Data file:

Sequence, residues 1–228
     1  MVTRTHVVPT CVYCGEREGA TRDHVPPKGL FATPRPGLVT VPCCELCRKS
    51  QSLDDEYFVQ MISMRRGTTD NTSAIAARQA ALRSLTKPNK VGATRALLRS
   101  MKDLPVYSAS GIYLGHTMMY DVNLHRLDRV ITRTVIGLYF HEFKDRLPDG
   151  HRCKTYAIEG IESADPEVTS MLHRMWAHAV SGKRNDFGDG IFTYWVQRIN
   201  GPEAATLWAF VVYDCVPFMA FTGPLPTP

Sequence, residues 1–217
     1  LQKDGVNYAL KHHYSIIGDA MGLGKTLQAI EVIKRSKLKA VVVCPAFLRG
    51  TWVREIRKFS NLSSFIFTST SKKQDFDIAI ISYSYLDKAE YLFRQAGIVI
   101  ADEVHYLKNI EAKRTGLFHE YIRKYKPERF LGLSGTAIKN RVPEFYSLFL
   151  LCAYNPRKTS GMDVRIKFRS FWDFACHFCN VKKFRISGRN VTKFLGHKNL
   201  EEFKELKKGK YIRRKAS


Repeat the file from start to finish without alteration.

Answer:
Sequence, residues 1–228
     1  MVTRTHVVPT CVYCGEREGA TRDHVPPKGL FATPRPGLVT VPCCELCRKS
    51  QSLDDEYFVQ MISMRRGTTD NTSAIAARQA ALRSLTKPNK VGATRALLRS
   101  MKDLPVYSAS GIYLGHTMMY DVNLHRLDRV ITRTVIGLYF HEFKDRLPDG
   151  HRCKTYAIEG IESADPEVTS MLHRMWAHAV SGKRNDFGDG IFTYWVQRIN
   201  GPEAATLWAF VVYDCVPFMA FTGPLPTP

Sequence, residues 1–217
     1  LQKDGVNYAL KHHYSIIGDA MGLGKTLQAI EVIKRSKLKA VVVCPAFLRG
    51  TWVREIRKFS NLSSFIFTST SKKQDFDIAI ISYSYLDKAE YLFRQAGIVI
   101  ADEVHYLKNI EAKRTGLFHE YIRKYKPERF LGLSGTAIKN RVPEFYSLFL
   151  LCAYNPRKTS GMDVRIKFRS FWDFACHFCN VKKFRISGRN VTKFLGHKNL
   201  EEFKELKKGK YIRRKAS